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ASK OCE — March 17, 2006 — Vol. 1, Issue 6


By Chris Scolese


NASA is breaking new ground in space exploration. The concepts, technologies, and components being assessed and developed will enable capabilities that are neither fully defined nor even imagined at this time. To fully realize the Exploration vision, NASA’s technical community must work from an engineering philosophy and processes that assure the safe, reliable operations necessary for mission success.

The engineering philosophy must be realistic, conservative, and focused on providing deliverables with margin to known requirements. This margin is necessary to accommodate the many unknowns that we must deal with as we develop new systems or travel to new or different locations. It must be grounded in engineering rigor, clinically objective evaluations, and a check-and-balance system that provides a robust independent oversight function. The formality and documentation must be consistent with the mission needs, criticality, and based on the recognition that generations of future engineers and scientists will need to understand the basis for today’s technical work. In addition, our philosophy must be grounded in a commitment to lifelong learning and professional development.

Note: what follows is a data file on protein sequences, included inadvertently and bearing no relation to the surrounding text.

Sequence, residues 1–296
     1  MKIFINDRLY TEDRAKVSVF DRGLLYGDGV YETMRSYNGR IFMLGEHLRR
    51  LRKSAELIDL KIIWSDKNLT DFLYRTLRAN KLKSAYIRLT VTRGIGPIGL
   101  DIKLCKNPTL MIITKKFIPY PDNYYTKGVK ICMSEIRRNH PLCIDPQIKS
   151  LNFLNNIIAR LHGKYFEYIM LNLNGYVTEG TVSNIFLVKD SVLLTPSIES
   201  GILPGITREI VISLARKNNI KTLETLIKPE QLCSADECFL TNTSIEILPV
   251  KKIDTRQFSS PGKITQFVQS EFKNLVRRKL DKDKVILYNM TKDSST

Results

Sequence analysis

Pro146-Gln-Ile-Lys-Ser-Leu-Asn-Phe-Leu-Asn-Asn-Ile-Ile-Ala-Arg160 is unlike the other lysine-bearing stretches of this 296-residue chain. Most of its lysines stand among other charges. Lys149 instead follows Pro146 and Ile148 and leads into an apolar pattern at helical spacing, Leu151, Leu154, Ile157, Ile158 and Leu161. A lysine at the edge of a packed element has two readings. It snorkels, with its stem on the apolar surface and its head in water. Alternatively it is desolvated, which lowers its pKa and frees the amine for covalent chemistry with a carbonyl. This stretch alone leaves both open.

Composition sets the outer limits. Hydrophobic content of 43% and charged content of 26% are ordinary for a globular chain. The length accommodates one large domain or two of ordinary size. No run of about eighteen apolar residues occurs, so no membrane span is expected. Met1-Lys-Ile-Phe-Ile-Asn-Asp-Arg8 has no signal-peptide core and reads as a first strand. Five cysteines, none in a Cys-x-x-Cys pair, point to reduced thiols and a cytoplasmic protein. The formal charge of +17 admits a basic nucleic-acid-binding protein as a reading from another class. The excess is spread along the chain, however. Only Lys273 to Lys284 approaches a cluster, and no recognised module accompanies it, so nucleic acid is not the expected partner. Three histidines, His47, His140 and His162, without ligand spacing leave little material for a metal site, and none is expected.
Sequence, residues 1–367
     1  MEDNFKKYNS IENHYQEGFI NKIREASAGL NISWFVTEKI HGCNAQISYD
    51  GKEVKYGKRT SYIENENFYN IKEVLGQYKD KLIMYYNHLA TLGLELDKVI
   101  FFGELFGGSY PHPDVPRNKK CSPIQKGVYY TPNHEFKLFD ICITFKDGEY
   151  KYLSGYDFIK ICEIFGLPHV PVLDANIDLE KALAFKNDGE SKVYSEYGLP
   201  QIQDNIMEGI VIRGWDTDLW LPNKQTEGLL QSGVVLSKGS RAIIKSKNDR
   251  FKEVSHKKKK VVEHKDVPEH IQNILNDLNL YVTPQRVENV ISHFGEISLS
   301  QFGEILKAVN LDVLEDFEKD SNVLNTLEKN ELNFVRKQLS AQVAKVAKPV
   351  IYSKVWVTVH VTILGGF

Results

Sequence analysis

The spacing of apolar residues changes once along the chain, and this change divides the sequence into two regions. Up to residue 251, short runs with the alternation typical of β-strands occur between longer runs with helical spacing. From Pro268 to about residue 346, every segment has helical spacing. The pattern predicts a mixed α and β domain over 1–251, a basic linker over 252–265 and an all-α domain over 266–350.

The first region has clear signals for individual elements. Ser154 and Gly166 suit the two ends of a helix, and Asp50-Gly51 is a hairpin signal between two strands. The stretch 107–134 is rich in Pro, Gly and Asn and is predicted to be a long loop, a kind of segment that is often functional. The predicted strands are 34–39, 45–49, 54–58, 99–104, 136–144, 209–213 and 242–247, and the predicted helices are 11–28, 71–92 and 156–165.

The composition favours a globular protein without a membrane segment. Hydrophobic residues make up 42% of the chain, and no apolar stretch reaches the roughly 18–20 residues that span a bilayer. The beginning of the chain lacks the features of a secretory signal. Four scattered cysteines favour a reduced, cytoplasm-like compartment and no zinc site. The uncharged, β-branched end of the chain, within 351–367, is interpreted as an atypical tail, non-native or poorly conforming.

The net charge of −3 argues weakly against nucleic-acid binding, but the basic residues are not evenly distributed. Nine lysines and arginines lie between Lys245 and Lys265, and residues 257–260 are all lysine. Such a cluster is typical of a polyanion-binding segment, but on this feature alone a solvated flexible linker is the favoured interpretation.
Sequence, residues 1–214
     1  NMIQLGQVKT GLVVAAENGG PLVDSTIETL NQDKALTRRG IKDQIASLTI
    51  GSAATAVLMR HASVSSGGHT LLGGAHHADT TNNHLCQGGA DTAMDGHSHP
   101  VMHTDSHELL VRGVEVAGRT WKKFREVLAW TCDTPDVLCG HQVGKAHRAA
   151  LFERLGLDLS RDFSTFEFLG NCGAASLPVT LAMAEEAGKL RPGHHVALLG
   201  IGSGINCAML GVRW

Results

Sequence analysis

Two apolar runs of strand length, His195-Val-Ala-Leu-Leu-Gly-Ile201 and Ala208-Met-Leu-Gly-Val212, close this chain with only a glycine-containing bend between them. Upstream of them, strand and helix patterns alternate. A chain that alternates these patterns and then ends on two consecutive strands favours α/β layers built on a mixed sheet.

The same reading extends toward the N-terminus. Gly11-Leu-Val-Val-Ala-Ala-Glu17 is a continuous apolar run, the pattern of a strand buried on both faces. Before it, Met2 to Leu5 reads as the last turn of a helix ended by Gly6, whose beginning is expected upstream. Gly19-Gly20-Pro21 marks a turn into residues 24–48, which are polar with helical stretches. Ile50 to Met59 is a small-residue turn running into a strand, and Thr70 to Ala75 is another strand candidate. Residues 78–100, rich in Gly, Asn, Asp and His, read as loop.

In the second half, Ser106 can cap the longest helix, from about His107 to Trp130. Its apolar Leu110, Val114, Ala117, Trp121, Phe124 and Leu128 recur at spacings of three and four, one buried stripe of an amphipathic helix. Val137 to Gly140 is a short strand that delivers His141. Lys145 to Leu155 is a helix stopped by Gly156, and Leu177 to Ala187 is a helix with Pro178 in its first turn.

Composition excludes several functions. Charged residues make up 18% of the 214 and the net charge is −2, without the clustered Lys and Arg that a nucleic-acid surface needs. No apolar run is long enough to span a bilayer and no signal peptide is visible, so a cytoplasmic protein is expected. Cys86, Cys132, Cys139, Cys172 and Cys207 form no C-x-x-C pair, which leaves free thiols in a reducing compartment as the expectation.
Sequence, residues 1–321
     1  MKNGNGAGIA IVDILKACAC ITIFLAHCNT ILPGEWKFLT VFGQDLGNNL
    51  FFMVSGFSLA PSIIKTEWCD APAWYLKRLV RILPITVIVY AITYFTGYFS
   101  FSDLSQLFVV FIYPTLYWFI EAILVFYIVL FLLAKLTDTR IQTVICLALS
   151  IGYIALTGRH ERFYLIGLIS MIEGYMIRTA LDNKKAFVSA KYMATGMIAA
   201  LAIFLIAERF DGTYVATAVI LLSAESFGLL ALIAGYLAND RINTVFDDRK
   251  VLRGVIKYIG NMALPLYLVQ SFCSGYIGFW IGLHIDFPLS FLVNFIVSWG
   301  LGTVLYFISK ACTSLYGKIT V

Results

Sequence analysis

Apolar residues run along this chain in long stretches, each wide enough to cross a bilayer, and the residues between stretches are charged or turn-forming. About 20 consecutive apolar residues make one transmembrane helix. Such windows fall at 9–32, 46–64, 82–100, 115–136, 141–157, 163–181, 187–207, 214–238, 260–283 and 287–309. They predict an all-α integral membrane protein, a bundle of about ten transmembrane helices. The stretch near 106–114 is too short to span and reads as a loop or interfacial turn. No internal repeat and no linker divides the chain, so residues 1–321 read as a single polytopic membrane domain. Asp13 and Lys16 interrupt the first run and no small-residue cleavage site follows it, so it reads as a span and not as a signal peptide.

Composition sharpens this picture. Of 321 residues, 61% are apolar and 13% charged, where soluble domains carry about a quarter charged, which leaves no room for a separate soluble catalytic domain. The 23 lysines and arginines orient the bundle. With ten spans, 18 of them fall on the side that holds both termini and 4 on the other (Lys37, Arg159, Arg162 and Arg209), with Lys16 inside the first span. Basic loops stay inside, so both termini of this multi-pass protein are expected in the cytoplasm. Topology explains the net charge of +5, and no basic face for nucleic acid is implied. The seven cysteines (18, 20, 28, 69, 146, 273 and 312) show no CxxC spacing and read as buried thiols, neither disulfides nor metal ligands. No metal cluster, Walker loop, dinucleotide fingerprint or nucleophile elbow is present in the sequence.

The Office of the Chief Engineer is beginning to codify some of the key aspects that should comprise NASA’s engineering philosophy. We will be gathering additional input from the technical community, with the goal of integrating this input into a formal statement of NASA’s engineering philosophy. I encourage your feedback throughout this process.

In This Issue

Message from the Chief Engineer

A View From Outside: Space Race, Version 2.0

This Week in NASA History: Pioneer 10 and 11

Admitting Mistakes: A Lesson from Wernher Von Braun

APPEL Holds Masters Forum, PM Challenge

CPMR Spotlighted in Engineering Management Journal

Common Traits of Great Groups and Their Leaders

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